ARTE – SATURDAY FEBRUARY 19 AT 8:50 P.M. – DOCUMENTARY
His long life is a page of history. Feminist, combative, dedicated, gifted… Florence Nightingale (1830-1920) is considered the first nurse – before her, there were no qualified female staff. His methods, based on care and respect for strict hygiene, before Pasteur’s work on asepsis, would revolutionize the care given to the British wounded during the Crimean War (1853-1856), then to the sick in the public hospital, and save thousands of lives.
Famous throughout the British Empire, from 1854, to the point of being called as a consultant during the Civil War in the United States, from 1861, Florence Nightingale nevertheless remained almost unknown in France. To fill this gap, and to explain its cause, this documentary retraces its extraordinary destiny, using sometimes rare archive images, numerous battle scenes, testimonies and above all particularly neat reconstruction scenes.
The film begins with the triggering event: the articles in the Times, by William Howard Russell, the first war correspondent sent to cover the conflict between the Turks, the British and the French against the Russian forces. For the first time, he describes the lamentable state of the Empire’s military hospitals: “It is unworthy that our soldiers are dying in such conditions,” he writes. The people are scandalized, the young Queen Victoria also.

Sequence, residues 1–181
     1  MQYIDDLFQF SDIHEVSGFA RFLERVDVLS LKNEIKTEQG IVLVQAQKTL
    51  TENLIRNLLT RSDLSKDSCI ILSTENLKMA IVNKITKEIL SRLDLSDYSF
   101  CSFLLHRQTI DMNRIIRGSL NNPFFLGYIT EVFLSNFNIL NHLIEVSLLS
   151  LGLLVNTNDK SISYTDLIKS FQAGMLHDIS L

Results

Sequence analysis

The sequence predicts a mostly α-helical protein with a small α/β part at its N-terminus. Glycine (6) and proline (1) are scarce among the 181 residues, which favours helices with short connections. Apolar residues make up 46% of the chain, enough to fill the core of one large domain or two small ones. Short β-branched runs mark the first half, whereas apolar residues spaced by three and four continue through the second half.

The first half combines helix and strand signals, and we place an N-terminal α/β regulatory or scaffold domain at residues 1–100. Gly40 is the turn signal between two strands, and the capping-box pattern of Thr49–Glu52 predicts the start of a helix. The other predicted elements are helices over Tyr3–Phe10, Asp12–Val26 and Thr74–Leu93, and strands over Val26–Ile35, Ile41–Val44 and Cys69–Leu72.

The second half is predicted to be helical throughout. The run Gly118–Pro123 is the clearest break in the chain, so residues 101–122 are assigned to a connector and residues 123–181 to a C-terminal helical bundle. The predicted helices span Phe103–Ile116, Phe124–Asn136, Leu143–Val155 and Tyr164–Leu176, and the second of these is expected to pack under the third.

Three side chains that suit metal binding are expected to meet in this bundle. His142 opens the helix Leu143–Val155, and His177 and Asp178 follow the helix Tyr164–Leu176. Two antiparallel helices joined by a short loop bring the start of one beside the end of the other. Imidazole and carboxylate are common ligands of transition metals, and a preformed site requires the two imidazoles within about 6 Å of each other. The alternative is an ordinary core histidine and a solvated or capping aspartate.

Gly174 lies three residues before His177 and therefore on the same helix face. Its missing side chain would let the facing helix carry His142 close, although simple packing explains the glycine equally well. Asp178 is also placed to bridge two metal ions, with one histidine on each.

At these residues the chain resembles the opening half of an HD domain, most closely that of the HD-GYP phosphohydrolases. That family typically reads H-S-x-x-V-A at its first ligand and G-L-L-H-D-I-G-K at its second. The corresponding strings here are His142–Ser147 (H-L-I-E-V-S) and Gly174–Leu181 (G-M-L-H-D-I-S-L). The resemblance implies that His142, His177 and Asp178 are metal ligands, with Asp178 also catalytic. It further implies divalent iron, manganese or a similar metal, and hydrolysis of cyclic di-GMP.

A woman, Florence Nightingale, will then be sent to the military hospital of Scutari, near Constantinople (current Istanbul), with about forty nurses. This progressive choice may come as a surprise, but the young woman is not just anyone; almost a third of the film returns to his vocation followed since he was 16 years old.
On site, she will impose the cleaning of hands, sheets, the use of hot water. But also write reports and streamline procurement. It is then a bit long for the viewer, because of laudatory comments and monotonous speakers. However, it is better to hang on until the last part, devoted to his heritage.
The film then returns, in particular, to the history of the first two French nursing schools. The first opened in 1880, at the Salpêtrière in Paris, welcomed the greatest number, including students who could not read: it was a failure. The second, founded with the doctor Anna Hamilton, in Bordeaux, in 1901, takes up the principles of Florence Nightingale, namely that the students must be educated women who, at the end of 646 days of intense training, in two years, will be considered the equal of doctors.
The Bordeaux school remains today one of the most renowned in France, a country where, unlike others, nurses, even graduates, still do not have access to the status of researchers.
Florence Nightingale, the first of the nurses, by Aurine Crémieu (Fr., 2021, 90 min). art